Dec 19, 2007

On 28 December, it will be two years since GIOVE-A - the first Galileo satellite - was launched by a Soyuz rocket from Baikonur, in Kazakhstan. This satellite demonstrates the progress Europe has made in setting ...

Europe defends 'stupid' Galileo satellite

Jan 18, 2011

Europe stood by its much-delayed and over-budget Galileo satellite navigation system on Tuesday despite a rising price tag and a contractor's description of the project as "stupid." ...

Hyper-accurate clocks -- The beating heart of Galileo

May 10, 2007

Travellers have relied on accurate timekeeping for navigation since the development of the marine chronometer in the eighteenth century. Galileo, Europe’s twenty-first century navigation system, also relies ...

Europe Wants To Speed Up Galileo GPS Program

Nov 18, 2005

Former European commissioner Karel Van Miert has been appointed mediator to accelerate Galileo, Europe 's satellite navigation program, said the European Commission on Tuesday.

Recommended for you

Mysteries of space dust revealed

1 hour ago

The first analysis of space dust collected by a special collector onboard NASA's Stardust mission and sent back to Earth for study in 2006 suggests the tiny specks open a door to studying the origins of the ...

A guide to the 2014 Neptune opposition season

6 hours ago

Never seen Neptune? Now is a good time to try, as the outermost ice giant world reaches opposition this weekend at 14:00 Universal Time (UT) or 10:00 AM EDT on Friday, August 29th. This means that the distant ...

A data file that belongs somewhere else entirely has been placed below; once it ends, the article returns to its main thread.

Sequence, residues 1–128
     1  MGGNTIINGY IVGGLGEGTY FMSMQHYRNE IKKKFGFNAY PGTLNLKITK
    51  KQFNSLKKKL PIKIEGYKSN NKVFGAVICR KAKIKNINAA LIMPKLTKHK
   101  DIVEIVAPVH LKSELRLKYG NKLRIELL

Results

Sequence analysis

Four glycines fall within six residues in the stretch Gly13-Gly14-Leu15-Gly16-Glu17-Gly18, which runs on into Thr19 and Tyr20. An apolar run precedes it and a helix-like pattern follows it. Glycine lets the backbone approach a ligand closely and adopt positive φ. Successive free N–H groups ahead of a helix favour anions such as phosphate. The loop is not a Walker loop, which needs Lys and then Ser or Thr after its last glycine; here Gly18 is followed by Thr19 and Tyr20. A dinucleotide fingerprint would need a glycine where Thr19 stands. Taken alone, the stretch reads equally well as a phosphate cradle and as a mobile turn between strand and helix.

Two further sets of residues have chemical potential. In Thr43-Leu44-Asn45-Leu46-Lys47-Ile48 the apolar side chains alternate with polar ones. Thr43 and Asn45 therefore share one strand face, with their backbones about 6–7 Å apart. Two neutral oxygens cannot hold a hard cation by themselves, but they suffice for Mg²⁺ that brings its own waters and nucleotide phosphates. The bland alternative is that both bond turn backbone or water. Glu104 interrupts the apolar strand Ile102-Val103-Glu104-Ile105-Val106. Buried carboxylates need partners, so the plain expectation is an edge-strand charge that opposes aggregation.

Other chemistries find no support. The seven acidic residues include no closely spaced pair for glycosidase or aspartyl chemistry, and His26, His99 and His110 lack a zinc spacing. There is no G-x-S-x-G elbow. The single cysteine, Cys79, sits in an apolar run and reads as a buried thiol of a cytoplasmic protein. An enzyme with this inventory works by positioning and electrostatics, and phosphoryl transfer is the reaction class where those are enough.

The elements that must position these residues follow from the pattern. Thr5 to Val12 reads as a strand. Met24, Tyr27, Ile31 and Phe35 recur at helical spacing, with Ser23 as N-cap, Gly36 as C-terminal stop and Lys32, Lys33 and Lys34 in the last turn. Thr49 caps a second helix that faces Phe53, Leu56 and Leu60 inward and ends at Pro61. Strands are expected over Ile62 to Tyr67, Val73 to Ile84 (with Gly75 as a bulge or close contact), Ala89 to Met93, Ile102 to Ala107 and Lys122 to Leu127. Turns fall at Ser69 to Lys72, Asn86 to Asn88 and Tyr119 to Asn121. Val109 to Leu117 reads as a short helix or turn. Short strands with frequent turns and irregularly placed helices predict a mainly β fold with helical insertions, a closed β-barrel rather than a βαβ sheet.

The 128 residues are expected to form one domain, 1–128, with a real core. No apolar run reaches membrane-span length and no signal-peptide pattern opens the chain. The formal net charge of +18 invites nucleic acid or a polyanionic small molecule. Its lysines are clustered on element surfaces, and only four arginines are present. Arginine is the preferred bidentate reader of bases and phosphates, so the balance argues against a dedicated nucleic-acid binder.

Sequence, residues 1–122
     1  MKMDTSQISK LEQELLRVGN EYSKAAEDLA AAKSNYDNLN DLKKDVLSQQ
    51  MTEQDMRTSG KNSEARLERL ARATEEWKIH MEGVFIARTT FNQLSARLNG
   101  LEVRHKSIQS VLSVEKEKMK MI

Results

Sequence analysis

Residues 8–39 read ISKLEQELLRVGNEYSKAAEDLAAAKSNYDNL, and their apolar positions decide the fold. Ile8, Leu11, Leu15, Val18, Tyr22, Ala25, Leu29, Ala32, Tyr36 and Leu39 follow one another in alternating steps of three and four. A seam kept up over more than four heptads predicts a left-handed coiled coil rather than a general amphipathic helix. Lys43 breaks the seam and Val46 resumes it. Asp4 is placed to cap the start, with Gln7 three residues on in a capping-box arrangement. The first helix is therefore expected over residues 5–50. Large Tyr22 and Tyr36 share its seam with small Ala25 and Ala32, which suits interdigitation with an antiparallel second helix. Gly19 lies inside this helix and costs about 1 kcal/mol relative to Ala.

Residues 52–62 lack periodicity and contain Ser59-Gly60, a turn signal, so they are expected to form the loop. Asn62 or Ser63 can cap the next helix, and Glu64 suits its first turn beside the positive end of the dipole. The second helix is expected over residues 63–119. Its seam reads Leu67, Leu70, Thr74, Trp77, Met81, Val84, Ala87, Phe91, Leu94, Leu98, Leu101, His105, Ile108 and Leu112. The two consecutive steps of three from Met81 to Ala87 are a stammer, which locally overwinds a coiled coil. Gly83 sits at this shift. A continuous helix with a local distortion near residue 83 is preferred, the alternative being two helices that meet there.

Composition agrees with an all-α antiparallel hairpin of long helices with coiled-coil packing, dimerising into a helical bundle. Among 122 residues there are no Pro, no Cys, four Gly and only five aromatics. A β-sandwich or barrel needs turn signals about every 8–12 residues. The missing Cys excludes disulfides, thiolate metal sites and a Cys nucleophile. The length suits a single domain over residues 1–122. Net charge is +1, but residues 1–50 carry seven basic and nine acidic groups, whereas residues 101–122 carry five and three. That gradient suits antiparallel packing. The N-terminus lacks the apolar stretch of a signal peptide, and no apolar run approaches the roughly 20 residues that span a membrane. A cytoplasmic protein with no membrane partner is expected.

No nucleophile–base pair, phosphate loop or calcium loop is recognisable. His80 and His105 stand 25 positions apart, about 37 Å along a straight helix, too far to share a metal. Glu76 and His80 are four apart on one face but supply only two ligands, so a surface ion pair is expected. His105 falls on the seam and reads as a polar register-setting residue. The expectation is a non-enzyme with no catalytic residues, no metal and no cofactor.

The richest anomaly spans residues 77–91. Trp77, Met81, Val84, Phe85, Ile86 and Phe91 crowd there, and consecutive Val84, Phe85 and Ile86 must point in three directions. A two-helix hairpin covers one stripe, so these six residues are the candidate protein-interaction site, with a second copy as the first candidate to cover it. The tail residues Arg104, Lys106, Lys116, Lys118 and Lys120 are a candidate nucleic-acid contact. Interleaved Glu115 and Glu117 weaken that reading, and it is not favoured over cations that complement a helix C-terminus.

Informing NASA's Asteroid Initiative: A citizen forum

Aug 28, 2014

In its history, the Earth has been repeatedly struck by asteroids, large chunks of rock from space that can cause considerable damage in a collision. Can we—or should we—try to protect Earth from potentially ...

Image: Rosetta's comet looms

Aug 28, 2014

Wow! Rosetta is getting ever-closer to its target comet by the day. This navigation camera shot from Aug. 23 shows that the spacecraft is so close to Comet 67P/Churyumov-Gerasimenko that it's difficult to ...

User comments : 4

Adjust slider to filter visible comments by rank

Display comments: newest first

wictor
5 / 5 (1) Oct 16, 2011
I am wondering if a receiver using both signals from Galileo and GPS would be able to determine its position with even higher accuracy.
tkjtkj
not rated yet Oct 17, 2011
For most locations, six to eight satellites will be in direct line, making it possible to determine location to within a metre (3.25 feet). The GPS, which became operational in 1995 and is being upgraded, is currently accurate to between three and eight metres (10 and 26 feet)"


Present GPS (controlled by usa government) is accurate to a distance of 1-2 cm. The government artificially limits this capability to the public for political reasons.
kaasinees
not rated yet Oct 17, 2011
For most locations, six to eight satellites will be in direct line, making it possible to determine location to within a metre (3.25 feet). The GPS, which became operational in 1995 and is being upgraded, is currently accurate to between three and eight metres (10 and 26 feet)"


Present GPS (controlled by usa government) is accurate to a distance of 1-2 cm. The government artificially limits this capability to the public for political reasons.


Not political reasons, military reasons. Theres even an off switch for the civilian signal.
tkjtkj
5 / 5 (1) Oct 17, 2011

Not political reasons, military reasons. Theres even an off switch for the civilian signal.


We mean the same: but since when is 'military' not 'political'???
The distinction really escapes me ;)